A new documentary about Charlie Chaplin paints a “rounder portrait” of the silent-film star’s “complicated” life — including his fractious relationships with his teenage wives.
Filmmakers Peter Middleton and James Spinney, given access to unseen archival footage from the Chaplin estate, attempt to get to know the man behind the toothbrush mustache in The Real Charlie Chaplin.
“We were impressed when we started making the film,” Middleton told Sky News. “So many people have this image of the little tramp, the guy with the moustache, the cane and the bowler hat, and it actually kind of flattens our understanding of him.
“He was an extraordinary, complicated character and had an extraordinary outlook on life. So it was very much our intention to flesh that out and try to present a more rounded portrait of the man.”
Chaplin’s rise to unprecedented fame in the early 1900s is the ultimate rags to riches story, he spent his childhood from the age of four in a Victorian workhouse in Lambeth, south London, after his father abandoned the family and his mother was taken into one institutionalized.
After moving to America, his on-screen popularity in silent films was such that they would eventually reach a movie audience of 300 million.
As Spinney explains, “Because the films were silent, they could travel all over the world and people from different backgrounds could somehow enjoy his films, so that they achieved a kind of fame that wasn’t possible before it came to the big screen.”
Chaplin was arguably the world’s first global celebrity. But while his influence on pop culture is undeniable, when it comes to his personal life, there’s an argument that by modern standards, they wouldn’t actually be seen or heard.
The documentary touches on how three of Chaplin’s four wives were teenagers. Lita Gray was 12 when she starred alongside him and they later secretly married in Mexico. He was in his 30s and she was 16 and pregnant – in California they could have been charged with statutory rape.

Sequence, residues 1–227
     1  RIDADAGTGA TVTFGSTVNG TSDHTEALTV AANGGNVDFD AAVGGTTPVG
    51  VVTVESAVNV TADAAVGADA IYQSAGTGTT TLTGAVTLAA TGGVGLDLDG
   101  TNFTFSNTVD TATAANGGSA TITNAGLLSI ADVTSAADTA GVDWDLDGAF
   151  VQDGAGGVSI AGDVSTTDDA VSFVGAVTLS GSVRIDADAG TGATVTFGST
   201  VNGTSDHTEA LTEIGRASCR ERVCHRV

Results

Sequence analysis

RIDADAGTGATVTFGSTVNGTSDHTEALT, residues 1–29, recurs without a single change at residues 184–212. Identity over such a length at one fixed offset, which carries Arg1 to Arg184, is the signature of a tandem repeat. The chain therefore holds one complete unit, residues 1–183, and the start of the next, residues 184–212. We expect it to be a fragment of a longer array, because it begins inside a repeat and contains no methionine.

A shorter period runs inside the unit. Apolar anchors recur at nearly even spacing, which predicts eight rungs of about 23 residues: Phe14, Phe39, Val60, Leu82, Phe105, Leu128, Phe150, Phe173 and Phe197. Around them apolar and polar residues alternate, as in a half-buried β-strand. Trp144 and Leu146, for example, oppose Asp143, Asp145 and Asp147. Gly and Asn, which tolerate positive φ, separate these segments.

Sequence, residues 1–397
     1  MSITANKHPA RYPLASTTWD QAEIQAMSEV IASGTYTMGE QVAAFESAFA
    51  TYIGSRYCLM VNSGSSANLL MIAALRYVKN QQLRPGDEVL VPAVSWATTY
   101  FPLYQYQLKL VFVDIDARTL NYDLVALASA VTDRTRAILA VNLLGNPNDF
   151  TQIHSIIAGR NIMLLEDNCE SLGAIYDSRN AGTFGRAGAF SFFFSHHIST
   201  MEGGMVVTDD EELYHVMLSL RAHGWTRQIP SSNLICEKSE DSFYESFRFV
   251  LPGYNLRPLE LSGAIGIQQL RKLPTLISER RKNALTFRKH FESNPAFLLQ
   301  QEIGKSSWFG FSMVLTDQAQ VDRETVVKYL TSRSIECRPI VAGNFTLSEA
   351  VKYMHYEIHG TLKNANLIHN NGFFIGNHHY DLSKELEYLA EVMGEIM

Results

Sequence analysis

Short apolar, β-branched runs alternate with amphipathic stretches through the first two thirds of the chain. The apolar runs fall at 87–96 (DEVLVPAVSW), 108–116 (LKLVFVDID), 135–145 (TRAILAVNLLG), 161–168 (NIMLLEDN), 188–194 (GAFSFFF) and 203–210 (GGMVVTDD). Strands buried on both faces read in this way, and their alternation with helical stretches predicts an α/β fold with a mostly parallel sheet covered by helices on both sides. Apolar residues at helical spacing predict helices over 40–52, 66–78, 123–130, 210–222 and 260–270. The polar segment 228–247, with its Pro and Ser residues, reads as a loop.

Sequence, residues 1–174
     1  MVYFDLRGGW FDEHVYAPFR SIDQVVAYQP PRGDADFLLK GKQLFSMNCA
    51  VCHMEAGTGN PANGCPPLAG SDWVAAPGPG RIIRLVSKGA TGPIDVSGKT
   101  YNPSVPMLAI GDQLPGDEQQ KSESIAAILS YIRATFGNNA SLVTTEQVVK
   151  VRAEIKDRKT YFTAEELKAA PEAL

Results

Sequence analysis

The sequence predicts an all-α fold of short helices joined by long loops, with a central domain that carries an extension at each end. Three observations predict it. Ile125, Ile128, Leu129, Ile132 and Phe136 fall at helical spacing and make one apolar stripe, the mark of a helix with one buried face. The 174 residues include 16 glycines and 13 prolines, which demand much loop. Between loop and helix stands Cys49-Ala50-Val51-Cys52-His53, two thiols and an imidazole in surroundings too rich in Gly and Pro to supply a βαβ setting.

After her divorce, she was slandered by the press for saying in interviews that her husband would get angry during their marriage, bug her room, point a gun at her, and try to force her to have an abortion down a back street.
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“I think for modern audiences there’s an expectation that’s at least addressed, and we tried really hard to find people who could speak to that time,” says Middleton.
“It was important for us to find those voices that have been overlooked or not sufficiently heard over the years.”
Post #MeToo whether you can separate the art from the artist is a very topical discussion. Sam Holdsworth, director of the Clowns Without Borders charity, argues that it’s important to be open about these things.
“[If we look at] If we cut Charlie Chaplin, we cut these women’s stories, and that’s just as problematic. What the trip actually brings to light are the women’s stories that keep happening to this day. I think that’s important and that’s the journey that needs to happen now.
In silent film, language was no barrier to making Chaplin’s appeal universal. But as the debate over how we judge historical figures intensifies, truly understanding his legacy feels far from black and white now.
The real Charlie Chaplin is in theaters now